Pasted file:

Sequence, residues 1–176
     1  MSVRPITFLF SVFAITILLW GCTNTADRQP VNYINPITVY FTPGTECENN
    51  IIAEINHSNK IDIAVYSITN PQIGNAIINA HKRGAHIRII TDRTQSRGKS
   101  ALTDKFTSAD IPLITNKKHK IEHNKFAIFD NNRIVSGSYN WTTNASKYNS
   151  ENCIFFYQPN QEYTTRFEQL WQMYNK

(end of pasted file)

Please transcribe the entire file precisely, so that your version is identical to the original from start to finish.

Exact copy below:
Sequence, residues 1–176
     1  MSVRPITFLF SVFAITILLW GCTNTADRQP VNYINPITVY FTPGTECENN
    51  IIAEINHSNK IDIAVYSITN PQIGNAIINA HKRGAHIRII TDRTQSRGKS
   101  ALTDKFTSAD IPLITNKKHK IEHNKFAIFD NNRIVSGSYN WTTNASKYNS
   151  ENCIFFYQPN QEYTTRFEQL WQMYNK